Criminal and Family Law

Criminal and Family Law

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DUI and Vehicular Manslaughter Defense

By February 17, 2013Criminal Defense

Under the Utah Criminal Code, causing the death of another person while driving under the influence of alcohol and/or drugs results in a charge of automobile homicide. Needless to say, it is a serious felony charge that carries the potential for years of prison time — but as is the case with any DUI charge, automobile homicide is rarely an open-and-shut case. Automobile homicide cases are almost always filled with uncertainties. Just about everything is subject to question, interpretation, judicial discretion and negotiation. And that is where a strong defense comes into play.

Criminal defense attorneys have a number of approaches available to minimize, or in some cases even eliminate, the charges in an automobile homicide case. Depending on the specifics of your situation, these may include:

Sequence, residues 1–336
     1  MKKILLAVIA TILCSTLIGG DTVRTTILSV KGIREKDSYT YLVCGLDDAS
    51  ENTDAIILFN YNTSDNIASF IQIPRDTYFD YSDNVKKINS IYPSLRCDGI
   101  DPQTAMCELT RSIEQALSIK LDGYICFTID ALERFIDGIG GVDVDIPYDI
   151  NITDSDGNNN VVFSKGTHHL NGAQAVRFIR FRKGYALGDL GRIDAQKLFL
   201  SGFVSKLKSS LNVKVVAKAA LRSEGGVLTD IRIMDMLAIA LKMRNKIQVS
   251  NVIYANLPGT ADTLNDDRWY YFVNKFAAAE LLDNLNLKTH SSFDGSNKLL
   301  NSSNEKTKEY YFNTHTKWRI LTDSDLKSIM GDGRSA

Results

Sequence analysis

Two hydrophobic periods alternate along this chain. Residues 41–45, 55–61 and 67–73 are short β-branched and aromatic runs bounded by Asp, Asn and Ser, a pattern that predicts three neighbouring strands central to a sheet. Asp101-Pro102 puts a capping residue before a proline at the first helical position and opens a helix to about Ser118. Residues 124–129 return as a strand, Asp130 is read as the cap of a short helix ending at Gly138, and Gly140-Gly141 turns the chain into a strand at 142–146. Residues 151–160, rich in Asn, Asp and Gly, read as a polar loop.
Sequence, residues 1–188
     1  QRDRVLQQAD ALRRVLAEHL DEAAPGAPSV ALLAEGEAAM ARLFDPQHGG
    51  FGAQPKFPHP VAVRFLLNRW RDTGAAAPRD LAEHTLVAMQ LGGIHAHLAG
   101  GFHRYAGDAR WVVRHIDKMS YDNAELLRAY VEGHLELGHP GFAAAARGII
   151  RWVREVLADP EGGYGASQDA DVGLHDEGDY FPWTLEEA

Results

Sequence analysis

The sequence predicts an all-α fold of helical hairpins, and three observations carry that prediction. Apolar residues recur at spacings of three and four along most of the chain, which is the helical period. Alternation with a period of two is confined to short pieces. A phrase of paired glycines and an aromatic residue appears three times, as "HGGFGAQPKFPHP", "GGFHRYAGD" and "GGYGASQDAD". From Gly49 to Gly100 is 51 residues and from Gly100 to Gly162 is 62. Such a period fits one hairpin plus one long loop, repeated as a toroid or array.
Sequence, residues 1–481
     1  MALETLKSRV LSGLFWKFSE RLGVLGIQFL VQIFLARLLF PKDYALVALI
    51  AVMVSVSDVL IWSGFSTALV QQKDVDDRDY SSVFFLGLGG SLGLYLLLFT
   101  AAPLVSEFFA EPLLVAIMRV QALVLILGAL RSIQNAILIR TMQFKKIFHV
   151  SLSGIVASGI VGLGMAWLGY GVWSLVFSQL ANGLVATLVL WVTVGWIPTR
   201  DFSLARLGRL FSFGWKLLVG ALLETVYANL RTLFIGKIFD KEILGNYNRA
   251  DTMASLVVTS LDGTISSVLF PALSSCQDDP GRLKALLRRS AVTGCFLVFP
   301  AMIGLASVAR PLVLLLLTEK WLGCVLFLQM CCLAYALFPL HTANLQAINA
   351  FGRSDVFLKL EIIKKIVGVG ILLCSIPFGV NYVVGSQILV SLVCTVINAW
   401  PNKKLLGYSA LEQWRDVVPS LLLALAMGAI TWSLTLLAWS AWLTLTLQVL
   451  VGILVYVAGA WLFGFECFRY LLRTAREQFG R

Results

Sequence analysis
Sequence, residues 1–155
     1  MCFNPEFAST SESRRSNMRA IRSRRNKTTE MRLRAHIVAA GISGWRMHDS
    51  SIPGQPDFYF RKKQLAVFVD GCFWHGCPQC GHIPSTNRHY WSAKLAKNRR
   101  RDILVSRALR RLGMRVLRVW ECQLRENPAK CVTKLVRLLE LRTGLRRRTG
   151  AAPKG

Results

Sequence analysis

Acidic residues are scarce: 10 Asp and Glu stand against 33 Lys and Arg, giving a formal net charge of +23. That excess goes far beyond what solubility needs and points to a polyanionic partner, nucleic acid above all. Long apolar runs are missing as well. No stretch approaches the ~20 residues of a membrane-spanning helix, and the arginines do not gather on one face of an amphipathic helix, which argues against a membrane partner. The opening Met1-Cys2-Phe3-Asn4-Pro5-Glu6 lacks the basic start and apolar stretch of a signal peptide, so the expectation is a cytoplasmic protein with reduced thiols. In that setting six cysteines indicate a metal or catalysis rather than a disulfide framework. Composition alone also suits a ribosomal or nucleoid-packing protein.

• Contesting the validity of the blood alcohol level test. If alcohol was involved, faulty equipment, improper administering of the test, careless handling of the evidence, circumstances that can alter test results — all of these are challenges that must be overcome by the prosecution in order to prove guilt.
  • Questioning the actions and credibility of the arresting officer. If your rights were violated in the course of the arrest, or if there is reason to believe the arresting officer acted improperly or without reasonable cause, some evidence may be found inadmissible, damaging the prosecution’s case against you.
  • Plea-bargaining to a lesser charge. Utah recognizes two levels of automobile homicide: a second-degree felony based on a charge of operating a vehicle in a criminally negligent manner, and a lesser third-degree felony based on simple negligence. In many cases, a defense attorney can get charges reduced from a second-degree to a third-degree felony by arguing that the defendant’s actions did not constitute criminal negligence. Such negligence is defined as a gross deviation from the care an ordinary person should exercise to avoid a substantial and unjustifiable risk (which can be very difficult for the prosecution to prove). If you are a first-time offender, you may be able to have your charges reduced even further.

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